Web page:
I'm often asked how I come up with topics for my website and weekly newsletter. The answer is easy. I write about situations that I encounter in my day-to-day life as a legal nurse consultant. So here's a peek into the behind-the-scenes reasons for some of the newsletters and webpages.
For example, I created the webpage about Portfolios because I had interviewed for a law firm position and tried unsuccessfully to convince the attorneys and administrator that I could do the job. I had been an independent legal nurse consultant but law firms wanted LNCs with law firm experience. When I left the interview, I decided that instead of TELLING attorneys that I could do the job, I would SHOW them what I could do. I developed a portfolio and took it to my next interview. That firm also wanted someone with law firm experience but when they saw my portfolio, they hired me over experienced candidates.
I wrote some of my webpages based on my experiences supervising and teaching new legal nurse consultants. For example, I supervised some new legal nurse consultants who were overwhelmed with all the information in the medical records. These new LNCs had difficulty succinctly summarizing the information. I drew upon my high school journalism class, which taught me the 5Ws and 1H of reporting key facts of a news story. The 5Ws and 1 H principle was great for teaching new LNCs how to determine the key facts of the case and condensing those key facts into a summary format.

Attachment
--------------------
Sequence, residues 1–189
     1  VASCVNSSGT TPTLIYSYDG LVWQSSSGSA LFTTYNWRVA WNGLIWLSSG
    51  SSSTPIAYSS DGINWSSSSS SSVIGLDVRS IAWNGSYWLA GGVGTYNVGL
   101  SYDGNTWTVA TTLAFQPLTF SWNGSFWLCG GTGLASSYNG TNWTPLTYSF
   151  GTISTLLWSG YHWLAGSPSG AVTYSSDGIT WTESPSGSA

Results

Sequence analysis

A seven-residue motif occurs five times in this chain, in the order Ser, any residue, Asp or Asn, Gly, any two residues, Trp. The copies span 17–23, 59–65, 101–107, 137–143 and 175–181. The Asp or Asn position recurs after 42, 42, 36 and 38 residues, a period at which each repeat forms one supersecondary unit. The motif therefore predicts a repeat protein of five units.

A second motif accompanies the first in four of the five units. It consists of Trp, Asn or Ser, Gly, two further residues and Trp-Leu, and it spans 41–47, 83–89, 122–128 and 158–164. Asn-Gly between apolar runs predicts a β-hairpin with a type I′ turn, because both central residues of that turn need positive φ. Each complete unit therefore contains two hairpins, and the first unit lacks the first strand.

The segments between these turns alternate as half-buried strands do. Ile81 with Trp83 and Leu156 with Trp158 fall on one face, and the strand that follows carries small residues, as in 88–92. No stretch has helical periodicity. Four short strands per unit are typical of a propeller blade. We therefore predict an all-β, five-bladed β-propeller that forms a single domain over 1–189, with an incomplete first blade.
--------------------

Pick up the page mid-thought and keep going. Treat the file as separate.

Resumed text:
Another webpage that I created discussed focusing the analysis of medical records. I had supervised several new legal nurse consultants who were great RNs. However, they honed in on the medical aspects of the case without considering the legal aspects. Knowledge of the legal aspects of the case and the way the medical and legal aspects intertwine are as important as knowing the pathophysiology of a medical diagnosis. The Focused Analysis webpage outlines the technique that I used with new legal nurse consultants to get them to consider the legal aspects of the case and help them focus on where to look in the medical records.
I wrote the webpage about smart and dumb networking based on experiences at my local chapter meetings of the American Association of Legal Nurse Consultants. In particular, there were two new legal nurse consultants who came to every chapter dinner meeting. They wore their hospital uniforms, ate their dinner together, and sat next to each other. They never shared business cards, joined a committee, offered to help with anything, or interacted with anyone else. Attempts by other members to engage them were fruitless. After a few years, they both stopped coming to the meetings. They never got any business from their "networking" attempts because other members never got to know them or their abilities.
A final behind-the-scenes example is the LNCtips.com logo. I had searched for a logo concept to emphasize that the website's purpose was to provide information for new legal nurse consultants. I designed the logo to show a yellow highlighter after an attorney gave me a batch of medical records that were highlighted in blue. Blue highlighter, and all the other highlighter colors except yellow, can obliterate underlying text when pages are copied. Those blue-highlighted records reminded me that I didn't know about highlighter colors before I started as an LNC and that other new legal nurse consultants might not either. And thus was born the LNCtips.com logo.